What is the history of immunology?

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The word "immunity" (L: immunis - free of) was used in the context of being free of the burden of taxes or military conscription. The history of immunology is really slightly more than 100 years if you consider Louis Pasteur as the "Father of immunology" as most do. If one thinks about cellular immunology, the "real" history begins in the late 1950's.

From early writings, it is clear that primitive man knew about disease and its ravages . One finds in the Babylonian Epic of Gilgamesh (2000 B.C. - Mesopotamian hero) records of the presence of pestilence and disease. In other, more recent writings from old dynasties of ancient Egypt, one finds even more descriptions of disease. Further, one can even identify the disease of which they spoke. Recall that, in those days, disease and pestilence was punishment rendering as a result of "bad deeds" or "evil thoughts". Even the old testament is filled with pestilence that God wrought upon those who "crossed" him. From these writings, it is equally apparent that man knew that once he had been afflicted with disease, if he survived, he was normally not able to contract it again.

The science of immunology grew from the common knowledge that those who survived many of the then common infectious diseases, rarely contracted that disease again. This was an observation that was made long before the establishment of the germ theory of disease. Louis Pasteur and Robert Koch were instrumental in defining microorganisms as the etiological agents of a large number of diseases.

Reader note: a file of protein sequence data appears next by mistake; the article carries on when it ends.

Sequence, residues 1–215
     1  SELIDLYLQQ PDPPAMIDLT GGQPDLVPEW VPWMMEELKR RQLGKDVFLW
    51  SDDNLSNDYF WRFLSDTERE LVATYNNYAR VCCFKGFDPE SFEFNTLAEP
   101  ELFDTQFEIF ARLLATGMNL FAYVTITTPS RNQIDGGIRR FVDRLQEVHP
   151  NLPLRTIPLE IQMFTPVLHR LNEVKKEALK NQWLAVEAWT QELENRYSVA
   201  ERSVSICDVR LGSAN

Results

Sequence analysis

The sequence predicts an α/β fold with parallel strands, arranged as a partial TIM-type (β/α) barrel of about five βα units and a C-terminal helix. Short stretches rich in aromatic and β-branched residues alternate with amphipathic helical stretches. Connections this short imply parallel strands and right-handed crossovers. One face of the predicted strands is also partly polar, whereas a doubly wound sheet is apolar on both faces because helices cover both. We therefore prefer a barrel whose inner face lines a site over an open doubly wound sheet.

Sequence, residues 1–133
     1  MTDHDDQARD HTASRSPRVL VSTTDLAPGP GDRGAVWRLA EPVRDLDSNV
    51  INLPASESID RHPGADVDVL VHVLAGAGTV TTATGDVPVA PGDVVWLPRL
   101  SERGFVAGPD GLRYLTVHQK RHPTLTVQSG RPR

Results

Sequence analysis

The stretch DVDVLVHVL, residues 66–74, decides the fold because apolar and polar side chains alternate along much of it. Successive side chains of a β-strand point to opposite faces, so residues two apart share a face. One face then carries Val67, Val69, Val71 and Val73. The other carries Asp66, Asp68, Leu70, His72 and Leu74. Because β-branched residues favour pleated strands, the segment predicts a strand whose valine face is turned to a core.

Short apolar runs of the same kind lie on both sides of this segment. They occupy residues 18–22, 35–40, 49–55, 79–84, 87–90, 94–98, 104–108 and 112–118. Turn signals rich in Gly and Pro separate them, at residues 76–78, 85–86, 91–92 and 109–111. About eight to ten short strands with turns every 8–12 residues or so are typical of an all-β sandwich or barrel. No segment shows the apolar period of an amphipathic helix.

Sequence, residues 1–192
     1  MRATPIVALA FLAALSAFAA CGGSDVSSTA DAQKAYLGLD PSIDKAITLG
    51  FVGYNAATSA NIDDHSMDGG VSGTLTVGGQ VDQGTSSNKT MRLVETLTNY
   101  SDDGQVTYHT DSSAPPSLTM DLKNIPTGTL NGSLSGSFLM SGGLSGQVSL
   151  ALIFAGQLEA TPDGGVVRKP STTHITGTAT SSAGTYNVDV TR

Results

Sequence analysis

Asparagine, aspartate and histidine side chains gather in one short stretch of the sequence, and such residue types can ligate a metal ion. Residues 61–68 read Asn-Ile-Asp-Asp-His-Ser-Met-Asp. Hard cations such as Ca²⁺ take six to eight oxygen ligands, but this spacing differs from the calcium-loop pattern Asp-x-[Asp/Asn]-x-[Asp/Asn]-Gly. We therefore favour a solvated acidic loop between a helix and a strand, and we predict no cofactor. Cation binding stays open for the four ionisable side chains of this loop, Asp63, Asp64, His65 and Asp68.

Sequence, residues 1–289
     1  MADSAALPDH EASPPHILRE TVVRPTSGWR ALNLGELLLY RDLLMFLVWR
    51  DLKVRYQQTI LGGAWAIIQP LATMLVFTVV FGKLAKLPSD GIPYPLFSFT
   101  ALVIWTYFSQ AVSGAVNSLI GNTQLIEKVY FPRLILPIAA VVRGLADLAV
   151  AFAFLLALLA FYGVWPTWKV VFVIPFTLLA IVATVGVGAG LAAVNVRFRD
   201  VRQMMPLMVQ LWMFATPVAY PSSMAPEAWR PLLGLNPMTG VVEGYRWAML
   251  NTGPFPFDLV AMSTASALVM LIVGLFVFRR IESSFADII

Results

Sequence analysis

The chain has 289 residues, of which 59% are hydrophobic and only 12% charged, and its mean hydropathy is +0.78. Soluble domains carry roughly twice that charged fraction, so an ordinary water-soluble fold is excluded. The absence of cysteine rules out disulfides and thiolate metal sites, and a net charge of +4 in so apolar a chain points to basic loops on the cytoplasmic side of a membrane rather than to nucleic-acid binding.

In 430 B.C., Thucydides recorded that while the plaque was raging in Athens, the sick and dying would have received no attention had it not been for those individuals who had already contracted the disease and recovered and recognized their "immune" status. Beginning around 1000 A.D., the ancient Chinese practiced a form of immunization by inhaling dried powders derived from the crusts of smallpox lesions. Around the fifteenth century, a practice of applying powdered smallpox "crusts" and inserting them with a pin or "poking" device into the skin became commonplace. The process was referred to as variolation and became quite common in the Middle East. However, the primary intent of variolation was that of "preserving" the beauty of their daughters and no mention was made of saving lives. From Turkey, the process of variolation can be traced to the inhabitants of a country called Arcassia. The people that populated this land were poor but were blessed with large number of beautiful women, which unfortunately was the chief trade and very important to the Arcassian economy. Most sales were to the Sultan of Turkey. Eventually, the process was popularized in Great Britain, largely through the efforts of Mary Wortley Montagu. It was vehemently opposed by the Church and was highly discouraged, particularly if one were Christian. The clergy stated that it could only work of an "UnChristian" who was an infidel in the eyes of the Lord. To complicate matters more, because there was no standardization of the inoculum engrafted, the practice occasionally resulted in death/disfigurement from smallpox. This coupled with the widespread acceptance of herbal medicine resulted in it not being widely accepted. In 1721, Mary Wortley Montagu's daughter was the first person to be engrafted in Great Britain The first step to a safer procedure was to substitute material derived from the lesion of a cowpox (vaccinia) for the inoculation. Cowpox is a benign disease due to infection with a virus closely related to the smallpox (variola) virus. Some notable events in "early" Immunology 1774- Benjamin Jesty, a farmer who inoculated his wife with the vaccinia virus obtained from "farmer Elford of Chittenhall, near Yetminster". First record of anyone using vaccinia virus to "protect" against smallpox. In 1798, Jenner inoculated a young by named James Phipps with material obtained from a cowpox lesion. The results were conclusive but were met with great resistance by the Church. Ignorance can be hard to combat!! For this feat, Jenner received a cash prize of 30,000 pounds . The acceptance of Jenner's thesis was strengthened when 70 of the principal physicians and surgeons of London threw their weight behind him. He was elected to membership to all of the learned societies throughout Europe with the exception of the College of Physicians. They required that he pass an examination in Classics which Jenner refused.